High-availability power systems: Redundancy options
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Computer Science Clay
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01-03-2009, 02:18 PM

High-availability power systems: Redundancy options

In major applications like major computer installations, process control in chemical plants, safety monitors, IC units of hospitals etc., even a temporary power failure may lead to large economic losses. For such critical loads, it is of paramount importance to use UPS systems.

But all UPS equipments should be completely de-energized for preventive maintenance at least once per year. This limits the availability of the power system. Now there are new UPS systems in the market to permit concurrent maintenance.

High-Availability Power Systems

The computing industry talks in terms of "Nines" of availability. This refers to the percentage of time in a year that a system is functional and available to do productive work. A system with four "Nines" is 99.99 percent available, meaning that downtime is less than 53 minutes in a standard 365-day year. Five "Nines" (99.999 percent available) equates to less than 5.3 minutes of downtime per year. Six "Nines" (99.9999 percent available) equates to just 32 seconds of downtime per year. These same numbers apply when we speak of availability of conditioned power. The goal is to maximize the availability of conditioned power and minimize exposure to unconditioned utility power. The concept of continuous availability of conditioned power, takes this concept one step further. After all, 100 percent is greater than 99.99999 percent.

The Road To Continuous Availability

We determine availability by studying four key elements:

o Reliability
The individual UPS modules, static transfer switches and other power distribution equipment must be incredibly reliable, as measured by field-documented MTBF (Mean Time Between Failures). In addition, the system elements must be designed and assembled in a way that minimizes the complexity and single points of failure.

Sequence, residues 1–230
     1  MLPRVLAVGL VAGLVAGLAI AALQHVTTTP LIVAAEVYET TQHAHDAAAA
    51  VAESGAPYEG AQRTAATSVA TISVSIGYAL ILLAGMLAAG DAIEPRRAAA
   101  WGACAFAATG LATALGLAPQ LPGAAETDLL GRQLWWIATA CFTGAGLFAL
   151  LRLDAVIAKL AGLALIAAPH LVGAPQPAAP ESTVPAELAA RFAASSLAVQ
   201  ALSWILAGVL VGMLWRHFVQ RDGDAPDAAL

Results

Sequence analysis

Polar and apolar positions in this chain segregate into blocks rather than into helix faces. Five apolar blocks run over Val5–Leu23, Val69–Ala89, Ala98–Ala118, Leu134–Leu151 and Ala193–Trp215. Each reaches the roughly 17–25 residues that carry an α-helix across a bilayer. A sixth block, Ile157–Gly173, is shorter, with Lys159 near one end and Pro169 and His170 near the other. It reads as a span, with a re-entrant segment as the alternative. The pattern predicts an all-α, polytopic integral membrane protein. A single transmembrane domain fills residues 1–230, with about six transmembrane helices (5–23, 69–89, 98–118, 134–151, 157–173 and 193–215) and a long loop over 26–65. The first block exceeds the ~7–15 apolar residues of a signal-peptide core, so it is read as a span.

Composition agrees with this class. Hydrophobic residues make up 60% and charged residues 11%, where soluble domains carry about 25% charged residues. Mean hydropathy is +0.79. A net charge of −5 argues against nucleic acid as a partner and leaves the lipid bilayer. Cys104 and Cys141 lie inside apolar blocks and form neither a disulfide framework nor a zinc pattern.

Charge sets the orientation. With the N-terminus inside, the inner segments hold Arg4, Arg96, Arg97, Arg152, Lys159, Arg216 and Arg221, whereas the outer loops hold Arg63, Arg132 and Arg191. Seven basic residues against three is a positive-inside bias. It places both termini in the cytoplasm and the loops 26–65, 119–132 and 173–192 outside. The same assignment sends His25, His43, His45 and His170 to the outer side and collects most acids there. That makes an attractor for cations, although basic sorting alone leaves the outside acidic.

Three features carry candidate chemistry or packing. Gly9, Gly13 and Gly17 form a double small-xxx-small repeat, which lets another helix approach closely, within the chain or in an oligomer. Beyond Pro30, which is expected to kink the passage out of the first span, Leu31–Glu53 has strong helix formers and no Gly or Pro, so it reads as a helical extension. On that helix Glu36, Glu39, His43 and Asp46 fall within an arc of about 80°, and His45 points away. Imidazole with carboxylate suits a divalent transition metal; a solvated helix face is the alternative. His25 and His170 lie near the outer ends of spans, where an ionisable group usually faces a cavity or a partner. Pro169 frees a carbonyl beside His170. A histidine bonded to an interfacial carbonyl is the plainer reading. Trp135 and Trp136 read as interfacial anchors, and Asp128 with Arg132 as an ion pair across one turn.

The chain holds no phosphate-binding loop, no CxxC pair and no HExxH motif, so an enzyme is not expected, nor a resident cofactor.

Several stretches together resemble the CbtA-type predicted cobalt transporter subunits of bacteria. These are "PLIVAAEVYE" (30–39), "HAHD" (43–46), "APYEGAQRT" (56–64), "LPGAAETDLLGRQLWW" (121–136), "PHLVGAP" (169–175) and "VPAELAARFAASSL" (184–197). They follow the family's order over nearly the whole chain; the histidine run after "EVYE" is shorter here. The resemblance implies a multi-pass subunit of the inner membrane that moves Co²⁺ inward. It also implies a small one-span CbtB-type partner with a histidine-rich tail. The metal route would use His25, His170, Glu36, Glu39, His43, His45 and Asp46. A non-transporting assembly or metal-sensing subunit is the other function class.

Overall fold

o Functionality
The UPS must be able to protect the critical load from the full range of power disturbances, and only a true double-conversion UPS can do this. Some vendors offer single- conversion (line-interactive) three-phase UPS products as a lower cost alternative. However, these alternative UPS's do not protect against all disturbances, including power system short circuits, frequency variations, harmonics and common mode noise. If your critical facility is truly critical, only a true double conversion UPS is suitable.

o Maintainability
The system design must permit concurrent maintenance of all power system components, supporting the load with part of the UPS system while other parts are being serviced. As we shall see, single bus solutions do not completely support concurrent maintenance.

o Fault Tolerance
The system must have fault resiliency to cope with a failure of any power system component without affecting the operation of the critical load equipment. Furthermore, the power distribution system must have fault resiliency to survive the inevitable load faults and human error.

The two factors of field-proven critical bus MTBF in excess of one million hours and double-conversion technology ensure reliability and functionality. With reliability and functionality assured, let us look at how different UPS system configurations compare for maintainability and fault tolerance.
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